Apple made this clear in its statement:
"Today, Epic Games took the unfortunate step of violating the App Store guidelines that are applied equally to every developer and designed to keep the store safe for our users. As a result their Fortnite app has been removed from the store. Epic enabled a feature in its app which was not reviewed or approved by Apple, and they did so with the express intent of violating the App Store guidelines regarding in-app payments that apply to every developer who sells digital goods or services."
Apple is saying that it will try to resolve things with Epic but clearly this is not Epic's intention. It is on the offensive. As well as the lawsuit, we have a remake of the 1984 ad which they have titled Nineteen Eighty Fortnite:
Fun isn't it? The onscreen apple says:
“For years, they have given us their songs, their labor, their dreams. In exchange, we have taken our tribute, our profits, our control. This power is ours and ours alone. We shall prevail.”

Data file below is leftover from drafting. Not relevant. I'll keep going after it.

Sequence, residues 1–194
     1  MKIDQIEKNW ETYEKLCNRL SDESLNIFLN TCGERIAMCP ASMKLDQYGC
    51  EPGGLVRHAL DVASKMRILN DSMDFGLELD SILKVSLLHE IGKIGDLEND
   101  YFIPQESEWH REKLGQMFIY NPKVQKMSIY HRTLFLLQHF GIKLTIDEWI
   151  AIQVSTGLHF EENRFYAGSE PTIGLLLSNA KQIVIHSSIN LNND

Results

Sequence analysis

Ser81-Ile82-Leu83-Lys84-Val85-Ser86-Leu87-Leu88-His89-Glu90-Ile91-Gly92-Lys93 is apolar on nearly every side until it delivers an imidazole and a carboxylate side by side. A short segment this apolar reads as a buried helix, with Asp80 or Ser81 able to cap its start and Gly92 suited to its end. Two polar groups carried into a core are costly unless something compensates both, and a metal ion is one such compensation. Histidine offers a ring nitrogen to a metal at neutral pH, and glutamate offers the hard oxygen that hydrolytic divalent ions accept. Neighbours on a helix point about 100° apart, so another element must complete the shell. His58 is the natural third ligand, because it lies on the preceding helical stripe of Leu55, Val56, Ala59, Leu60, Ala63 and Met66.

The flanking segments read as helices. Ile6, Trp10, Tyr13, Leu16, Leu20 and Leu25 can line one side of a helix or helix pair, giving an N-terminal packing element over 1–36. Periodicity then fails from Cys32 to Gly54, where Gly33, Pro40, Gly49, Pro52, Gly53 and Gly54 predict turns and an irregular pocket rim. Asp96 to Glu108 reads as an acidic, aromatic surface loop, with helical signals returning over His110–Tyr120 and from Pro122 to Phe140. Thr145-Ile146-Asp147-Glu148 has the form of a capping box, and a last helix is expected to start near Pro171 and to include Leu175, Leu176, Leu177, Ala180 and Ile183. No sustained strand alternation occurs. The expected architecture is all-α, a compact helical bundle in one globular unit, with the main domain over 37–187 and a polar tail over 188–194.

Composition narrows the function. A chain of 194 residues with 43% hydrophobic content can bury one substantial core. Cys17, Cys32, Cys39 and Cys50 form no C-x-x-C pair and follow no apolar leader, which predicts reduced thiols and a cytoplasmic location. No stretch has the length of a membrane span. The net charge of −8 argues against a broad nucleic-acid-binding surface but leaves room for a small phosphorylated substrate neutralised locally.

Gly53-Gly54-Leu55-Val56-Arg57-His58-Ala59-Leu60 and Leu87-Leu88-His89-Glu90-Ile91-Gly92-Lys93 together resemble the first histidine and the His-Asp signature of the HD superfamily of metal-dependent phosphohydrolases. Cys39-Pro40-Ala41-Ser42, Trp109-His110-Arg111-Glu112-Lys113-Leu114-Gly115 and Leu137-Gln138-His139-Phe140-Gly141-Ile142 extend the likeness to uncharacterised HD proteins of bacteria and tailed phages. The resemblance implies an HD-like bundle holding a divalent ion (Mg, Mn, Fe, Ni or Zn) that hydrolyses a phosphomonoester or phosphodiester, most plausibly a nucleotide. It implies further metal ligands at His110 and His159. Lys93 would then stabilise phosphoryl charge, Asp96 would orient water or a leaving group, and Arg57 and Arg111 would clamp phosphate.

The message at the end of the video reads:
“Epic Games has defied the App Store Monopoly.
Clearly Epic is hoping that fans will pile into the hash tag and give Apple what for. At the moment, from the comments, it looks as if the fans are just unhappy about the loss of their game and seems to be putting Epic in the same boat as Apple, i.e. money-grabbing, rule-enforcing, behemoths.
"Because Apple has BLOCKED your ability to update, when Fortnite Chapter 2 - Season 4 releases you will NOT be able to play the new Season on iOS. Make your voice heard with #FreeFortnite"
It might just be that the only sympathy Epic gets comes from programmers, and then only the ones not making big bucks from Apple's irrefutable monopoly.